23 and transitioning of teachers and staff who are in military families, among other challenges (see fig. 6). Figure 6: School District-Reported Challenges in Educating Military Dependent Students Challenge Slightly or not at all challenging Moderately challenging Extremely or very challenging Increased academic need (due to dfferences in district and state curricula) Large percentage of students with special needs Lack of connectedness with school (due to frequent moves) Behavioral issues in classroom (due to frequent moves/parent deployment) Transitioning of teachers and staff (who are in military families) Large percentage of low-income students Lack of participation by parents Transportation (i.e., buses traveling on military bases) Other challenges a Percentage of respondents Source: GAO survey of school districts that received DOD Impact Aid Supplemental funds in any year from 2001 through a Among the school districts that provided details about other challenges in educating military dependent students, three reported students emotional suffering, often due to parental deployment, as a challenge. Student Mobility Key issues associated with the mobility of military dependent students identified by school districts we contacted were different state and district academic curricula and standards, lack of student and family connectedness to school, and behavioral and emotional issues of students, most often related to a parent s deployment or absence. Page 19

24 Different Academic Curricula and Standards The largest challenge reported by school districts in our survey was the increased academic need of children in military families who transfer to a school with different curricula or academic standards than those in their previous school and thus need additional support. Forty-one percent of school districts rated increased academic needs due to differences in curricula between districts and/or states as extremely or very challenging, and 32 percent said it was moderately challenging. States use different curricula and have different graduation and academic standards and assessment practices, sometimes making it difficult for a receiving school to integrate new students. For example, one school district official we interviewed noted the state requires 25 classes to graduate from high school, whereas other states require only 20 classes, which has created challenges for incoming juniors and seniors. These inter-district differences can extend to the placement of students in special education or gifted programs. A school district official in one state, for example, told us that some students who received special education services in their previous state no longer qualified for these services. While the district works to provide adequate supports within the classroom, the official said it is sometimes difficult to explain to students and their families why they no longer qualify for services to which they are accustomed. These challenges are compounded when the records from the sending district do not arrive on time or are incomplete an issue identified as a challenge by some districts. In addition, mobility often results in classes with a high degree of student turnover each year, creating an extra burden on teachers to orient new students to class material, assess their academic abilities, and provide extra support, as needed. Officials at five of the schools we interviewed told us that each year at least one-third of their student population turns over. A principal of an elementary school in Colorado told us only one out of 57 fifth graders has been with the school since kindergarten. Because this turnover takes place throughout the school year, teachers must spend time continually absorbing and integrating new students into their classrooms, which reduces the time available for instruction. We found very few generalizable studies that systematically examined the academic and behavioral effects of mobility for military students specifically. National student level achievement data on military dependent students are also not available, so it is difficult to link achievement and mobility. However, we recently reported that mobility is one of several interrelated factors, including socio-economic status and Page 20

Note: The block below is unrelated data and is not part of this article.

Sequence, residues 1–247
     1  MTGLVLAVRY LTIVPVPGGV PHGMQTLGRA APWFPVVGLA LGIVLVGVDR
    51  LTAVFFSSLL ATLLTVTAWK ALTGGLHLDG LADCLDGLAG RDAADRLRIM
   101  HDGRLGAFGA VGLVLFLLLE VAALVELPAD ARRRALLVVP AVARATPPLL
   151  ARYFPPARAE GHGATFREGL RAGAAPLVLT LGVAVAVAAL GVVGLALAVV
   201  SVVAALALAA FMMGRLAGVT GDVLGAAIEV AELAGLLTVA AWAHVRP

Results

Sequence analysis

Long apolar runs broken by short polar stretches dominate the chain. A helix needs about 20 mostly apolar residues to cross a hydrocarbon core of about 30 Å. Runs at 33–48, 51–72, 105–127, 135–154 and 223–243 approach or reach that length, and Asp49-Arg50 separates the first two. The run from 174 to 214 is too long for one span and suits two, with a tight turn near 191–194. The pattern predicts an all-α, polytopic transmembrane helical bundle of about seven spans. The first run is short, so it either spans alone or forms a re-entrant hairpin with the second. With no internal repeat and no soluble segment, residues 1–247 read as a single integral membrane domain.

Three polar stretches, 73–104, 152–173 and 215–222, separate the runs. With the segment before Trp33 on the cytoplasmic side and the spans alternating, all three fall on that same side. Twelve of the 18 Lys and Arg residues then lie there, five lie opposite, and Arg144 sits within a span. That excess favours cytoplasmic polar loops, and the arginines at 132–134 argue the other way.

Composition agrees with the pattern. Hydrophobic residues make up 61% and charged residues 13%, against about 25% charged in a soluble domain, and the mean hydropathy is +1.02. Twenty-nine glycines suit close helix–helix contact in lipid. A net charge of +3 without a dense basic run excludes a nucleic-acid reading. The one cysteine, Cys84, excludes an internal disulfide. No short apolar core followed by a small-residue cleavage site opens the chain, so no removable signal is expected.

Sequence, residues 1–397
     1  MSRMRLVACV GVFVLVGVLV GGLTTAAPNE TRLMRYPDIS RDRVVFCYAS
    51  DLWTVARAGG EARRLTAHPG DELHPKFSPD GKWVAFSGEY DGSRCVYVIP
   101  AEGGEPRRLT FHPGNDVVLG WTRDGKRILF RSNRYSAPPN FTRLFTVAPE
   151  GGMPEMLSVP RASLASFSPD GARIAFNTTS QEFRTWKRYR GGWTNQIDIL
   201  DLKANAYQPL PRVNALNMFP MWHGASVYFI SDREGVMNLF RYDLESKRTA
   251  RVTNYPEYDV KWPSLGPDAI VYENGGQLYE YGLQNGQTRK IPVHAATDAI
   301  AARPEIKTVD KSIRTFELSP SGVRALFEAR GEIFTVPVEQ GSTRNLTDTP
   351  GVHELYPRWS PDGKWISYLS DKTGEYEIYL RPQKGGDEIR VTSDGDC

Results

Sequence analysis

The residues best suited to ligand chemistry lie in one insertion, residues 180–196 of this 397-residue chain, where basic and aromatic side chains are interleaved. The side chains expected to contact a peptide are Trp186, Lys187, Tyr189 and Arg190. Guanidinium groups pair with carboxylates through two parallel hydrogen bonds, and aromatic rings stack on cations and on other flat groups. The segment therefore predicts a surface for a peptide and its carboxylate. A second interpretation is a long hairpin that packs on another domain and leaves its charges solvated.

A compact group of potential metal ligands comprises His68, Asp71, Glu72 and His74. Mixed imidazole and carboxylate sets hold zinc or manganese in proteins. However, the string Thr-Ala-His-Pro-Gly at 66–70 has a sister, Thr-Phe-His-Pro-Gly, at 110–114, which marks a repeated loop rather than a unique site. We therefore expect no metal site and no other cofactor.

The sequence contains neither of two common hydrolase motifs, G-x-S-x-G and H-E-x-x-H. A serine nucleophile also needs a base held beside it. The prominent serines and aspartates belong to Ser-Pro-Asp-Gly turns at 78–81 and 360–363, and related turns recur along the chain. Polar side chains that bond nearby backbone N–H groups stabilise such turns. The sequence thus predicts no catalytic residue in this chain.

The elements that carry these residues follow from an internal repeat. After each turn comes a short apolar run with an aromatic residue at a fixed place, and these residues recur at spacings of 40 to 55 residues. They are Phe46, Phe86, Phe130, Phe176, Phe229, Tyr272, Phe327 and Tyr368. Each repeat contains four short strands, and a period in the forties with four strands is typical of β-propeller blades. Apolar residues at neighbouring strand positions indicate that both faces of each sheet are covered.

25 lack of parental education, which have a negative effect on academic achievement. 29 In addition, some of the studies we reviewed found that the effect of mobility on achievement also varied depending on such factors as the student s race or ethnicity, special needs, grade level, frequency of school change, and characteristics of the school change whether it was between or within school districts, or to an urban district from a suburban or rural one. Lack of Connectedness with School Military dependent students lack of connectedness with their school due to frequent moves was reported as extremely or very challenging by 24 percent of school districts in our survey, and moderately challenging by 34 percent. Frequent moves make it difficult, for example, for students to get involved with extracurricular activities or sports if they move after the tryout season. Officials we interviewed from one school in Texas said they allowed children to try out for extracurricular activities by sending a video before they arrived, and another allowed newly arrived military dependent students to try out for teams mid-season. Students are not guaranteed their same position (e.g., quarterback) which can be disappointing, but they will be given an opportunity to try out for the team. Officials also said limited child care options and lack of transportation to the military base limit students ability to attend after-school events. School liaison officers in another school district similarly attributed the lack of public transportation on base to families feeling isolated and having difficulty attending extracurricular activities. Officials in 23 percent of districts responding to our survey reported transportation was at least moderately challenging. Related to a student s lack of connectedness is lack of parental involvement. School principals we interviewed in Colorado said military parents tend to avoid school involvement partly because they anticipate leaving in a few years. The lack of parental involvement is particularly troubling for district officials because they feel that parents need to be part of the school community for success in educating their students. Finally, related to mobility, 13 percent of survey respondents reported that transitioning of teachers and staff from military families who work at schools when military families are reassigned was extremely or very 29 GAO, K-12 Education: Many Challenges Arise in Educating Students Who Change Schools Frequently, GAO (Washington, D.C.: Nov. 18, 2010). Page 21